At the close of the Barclay’s Premiere League Season last May, NBC sent promoters into the various soccer bars around the nation to hand out themed merchandise. All of the merchandise (yellow and red cards, jerseys, scarves, pint glasses) had one message: Next season NBC would be taking over coverage and it would be showing every game live. The network knew it was taking a gamble that had bitten others in the past, but it was doing everything it could to make sure this time would be different.
For the previous decade, BPL coverage in the U.S. had been primarily handled by Fox Soccer Channel, and to be fair to Fox, it did a tremendous amount of good work (along with ESPN) in promoting the league. By the final few seasons a number of the marque games were even shown on Fox proper, and to largely positive results. The largest drawback of Fox’s coverage was that many games had to be shown tape-delayed, meaning fans would have to avoid modern social networks if they didn’t want to see the final score of a game that finished four hours earlier.
But NBC, with its stable of overflow channels and impressive streaming options, was able to promise that every game could be viewed live, as it happened, and in HD. Throw in a relatively well-produced studio package before, during and after the games – a production that’s equal parts English and American – and it’s hard to argue that NBC hasn’t upped the game. Now, as the first batch of ratings start to pour in, it’s equally hard to argue that NBC’s soccer play hasn’t worked out well.
Within the first five weeks, NBC racked up over 9 million viewers, averaging 391,000 viewers per game. Those aren’t anywhere near NFL numbers, but they’re not bad at all, especially considering when the games air. Because of the time difference between the U.S. and U.K., all of those viewers came during weekend mornings and early afternoon timeslots (depending on the time zone), when other channels mostly show children’s programming and news. NBC’s early numbers represent a 70 percent increase over FSC’s ratings over the same period last year. TV programming execs have discovered what Irish bars have known for years: There is an audience for sports in the morning.
It’s not just expats, alcoholics and hipsters watching (admittedly, a Venn diagram with a decent amount of overlap). Most impressively, kids aged 6 to 17 make up 11 percent of the audience. In comparison, the same age group made up only 4.6 percent of the World Series audience, a fact that has to have MLB sweating about its future fandom. Several generations of middle class American kids have now grown up with soccer as a game they played but didn’t often watch. Now NBC has given them an easier way to follow soccer when they’re not on the pitch and watch what many consider to the best league in the world.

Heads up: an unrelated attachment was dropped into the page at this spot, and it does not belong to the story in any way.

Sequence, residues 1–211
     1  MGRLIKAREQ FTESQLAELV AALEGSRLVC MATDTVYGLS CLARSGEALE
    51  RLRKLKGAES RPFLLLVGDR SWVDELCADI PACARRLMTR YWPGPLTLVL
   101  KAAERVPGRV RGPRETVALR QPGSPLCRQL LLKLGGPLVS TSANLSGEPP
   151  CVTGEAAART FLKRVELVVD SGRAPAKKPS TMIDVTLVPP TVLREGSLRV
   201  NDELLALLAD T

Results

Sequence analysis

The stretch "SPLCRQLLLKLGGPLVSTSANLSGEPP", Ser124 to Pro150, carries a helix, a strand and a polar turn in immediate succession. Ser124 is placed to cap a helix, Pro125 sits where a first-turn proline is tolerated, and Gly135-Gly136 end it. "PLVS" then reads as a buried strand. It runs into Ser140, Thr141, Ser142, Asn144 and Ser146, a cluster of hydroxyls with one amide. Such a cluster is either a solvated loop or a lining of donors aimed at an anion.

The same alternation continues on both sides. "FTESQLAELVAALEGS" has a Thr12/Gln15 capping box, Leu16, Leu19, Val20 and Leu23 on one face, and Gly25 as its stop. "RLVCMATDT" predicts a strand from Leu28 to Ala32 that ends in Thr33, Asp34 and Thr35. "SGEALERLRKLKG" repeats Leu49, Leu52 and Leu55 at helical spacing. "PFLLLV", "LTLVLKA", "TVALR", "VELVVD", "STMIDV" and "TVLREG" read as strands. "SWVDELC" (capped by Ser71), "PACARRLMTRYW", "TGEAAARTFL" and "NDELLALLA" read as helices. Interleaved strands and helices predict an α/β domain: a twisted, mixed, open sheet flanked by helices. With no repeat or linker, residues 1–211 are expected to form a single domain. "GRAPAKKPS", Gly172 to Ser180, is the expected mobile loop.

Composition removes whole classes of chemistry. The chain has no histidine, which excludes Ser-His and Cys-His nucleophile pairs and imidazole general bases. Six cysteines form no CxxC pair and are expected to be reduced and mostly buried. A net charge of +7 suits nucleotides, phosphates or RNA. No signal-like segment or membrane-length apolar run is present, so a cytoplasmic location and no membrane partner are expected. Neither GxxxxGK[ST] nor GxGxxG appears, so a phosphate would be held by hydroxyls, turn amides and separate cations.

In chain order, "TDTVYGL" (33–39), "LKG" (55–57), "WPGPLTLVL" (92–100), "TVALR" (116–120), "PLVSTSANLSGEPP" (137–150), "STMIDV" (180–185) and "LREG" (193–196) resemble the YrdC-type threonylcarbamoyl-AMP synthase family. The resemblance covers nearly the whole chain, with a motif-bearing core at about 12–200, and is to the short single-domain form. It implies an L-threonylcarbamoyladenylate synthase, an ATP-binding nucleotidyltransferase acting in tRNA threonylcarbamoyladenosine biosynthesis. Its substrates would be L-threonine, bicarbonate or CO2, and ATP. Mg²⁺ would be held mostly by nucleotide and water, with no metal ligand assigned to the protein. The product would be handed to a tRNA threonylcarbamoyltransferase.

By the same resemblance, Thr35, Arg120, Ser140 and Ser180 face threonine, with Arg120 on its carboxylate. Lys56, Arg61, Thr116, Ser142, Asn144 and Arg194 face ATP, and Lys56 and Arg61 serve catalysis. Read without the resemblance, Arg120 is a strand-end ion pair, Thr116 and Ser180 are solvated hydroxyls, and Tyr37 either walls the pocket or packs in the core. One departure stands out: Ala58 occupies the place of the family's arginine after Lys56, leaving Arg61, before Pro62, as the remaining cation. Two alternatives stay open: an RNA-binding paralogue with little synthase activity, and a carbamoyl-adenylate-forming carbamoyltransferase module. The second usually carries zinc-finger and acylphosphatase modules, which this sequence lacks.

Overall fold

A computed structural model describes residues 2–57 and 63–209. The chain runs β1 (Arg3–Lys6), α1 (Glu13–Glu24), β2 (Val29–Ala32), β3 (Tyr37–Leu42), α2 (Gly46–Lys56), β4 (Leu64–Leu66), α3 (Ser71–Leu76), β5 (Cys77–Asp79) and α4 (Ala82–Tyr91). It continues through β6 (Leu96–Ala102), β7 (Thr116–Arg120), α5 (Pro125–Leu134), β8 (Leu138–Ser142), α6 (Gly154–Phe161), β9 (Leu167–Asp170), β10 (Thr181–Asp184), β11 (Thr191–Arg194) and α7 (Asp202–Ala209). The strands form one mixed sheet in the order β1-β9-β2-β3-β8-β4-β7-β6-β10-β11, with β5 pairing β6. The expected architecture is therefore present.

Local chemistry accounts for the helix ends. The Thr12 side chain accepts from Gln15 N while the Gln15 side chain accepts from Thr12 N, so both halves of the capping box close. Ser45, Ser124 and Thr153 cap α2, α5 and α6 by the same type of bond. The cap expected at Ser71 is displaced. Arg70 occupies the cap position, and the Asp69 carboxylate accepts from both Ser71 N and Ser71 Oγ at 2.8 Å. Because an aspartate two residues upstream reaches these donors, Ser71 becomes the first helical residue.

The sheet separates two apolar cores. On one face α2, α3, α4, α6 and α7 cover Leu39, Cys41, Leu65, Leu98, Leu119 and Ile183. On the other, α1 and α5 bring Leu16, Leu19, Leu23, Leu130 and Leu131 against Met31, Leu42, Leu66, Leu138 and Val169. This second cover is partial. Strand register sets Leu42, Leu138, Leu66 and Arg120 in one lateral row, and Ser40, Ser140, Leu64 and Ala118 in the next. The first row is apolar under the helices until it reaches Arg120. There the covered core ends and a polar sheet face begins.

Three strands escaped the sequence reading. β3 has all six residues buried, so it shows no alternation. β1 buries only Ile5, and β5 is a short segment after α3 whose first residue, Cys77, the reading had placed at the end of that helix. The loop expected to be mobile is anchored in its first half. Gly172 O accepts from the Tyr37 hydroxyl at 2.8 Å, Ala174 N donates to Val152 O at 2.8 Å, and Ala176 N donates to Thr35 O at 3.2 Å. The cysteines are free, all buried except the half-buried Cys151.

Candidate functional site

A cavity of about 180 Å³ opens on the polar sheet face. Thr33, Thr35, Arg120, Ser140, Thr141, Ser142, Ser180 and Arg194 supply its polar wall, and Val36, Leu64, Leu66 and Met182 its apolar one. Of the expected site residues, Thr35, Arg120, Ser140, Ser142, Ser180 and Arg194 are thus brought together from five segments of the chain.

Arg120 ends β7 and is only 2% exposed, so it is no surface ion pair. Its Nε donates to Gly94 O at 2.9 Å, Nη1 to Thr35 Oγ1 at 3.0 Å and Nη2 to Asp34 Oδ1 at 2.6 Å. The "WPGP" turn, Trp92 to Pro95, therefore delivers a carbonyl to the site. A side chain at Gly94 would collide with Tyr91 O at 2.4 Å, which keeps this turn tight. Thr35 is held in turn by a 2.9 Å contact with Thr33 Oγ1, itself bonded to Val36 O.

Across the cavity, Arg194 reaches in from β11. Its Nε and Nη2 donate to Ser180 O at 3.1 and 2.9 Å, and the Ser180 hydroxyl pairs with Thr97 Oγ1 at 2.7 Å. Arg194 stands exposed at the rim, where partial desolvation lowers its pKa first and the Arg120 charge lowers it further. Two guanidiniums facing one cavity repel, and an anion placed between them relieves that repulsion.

By happy coincidence, NBC viewers are also tuning into what will be the most exciting BPL season in recent memory. In the last decade, only three teams have won the league: Manchester United (6 times), Chelsea (3) and Manchester City (1). But those teams are all struggling. Powerhouse Manchester United just appointed its first new coach since 1986 and the new boss, David Moyes, is doing his best to prove that his predecessor, the famed Sir Alex Ferguson, was actually a talented manager and not just the lucky coach of an expensive team. Chelsea and Manchester City are finding life under new managers equally bumpy. With a third of the season gone, the teams find themselves in 4th, 5th and 8th, respectively.
That means that NBC will likely have a full slate of competitive, meaningful games with teams like Arsenal, resurgent disco-era powerhouse Liverpool and newly promoted Southampton all challenging for the top spot in a wide open league.
Even Fox and ESPN can claim this as a victory as it still retain rights to the Champions League and ESPN will air next summer’s World Cup. The increase in viewers to soccer in general will surely mean bigger audiences for these major events.
Perhaps the biggest loser in the whole equation is Major League Soccer. Despite years of valiant effort to build a successful soccer league in the U.S., the MLS remains a TV wasteland. Though attendance at the games is way up, largely supported by soccer parents in urban centers, the league’s TV ratings are still worse than the WNBA’s. Even American soccer fans with a vested interest in the success of the league find it hard to watch the comparative chopped liver of the MLS once they get used to the filet mignon of the BPL.
Still, after years of empty promises and unfulfilled potential, soccer’s influence in the states is clearly – finally – growing, and NBC stands to be the biggest winner on the pitch.
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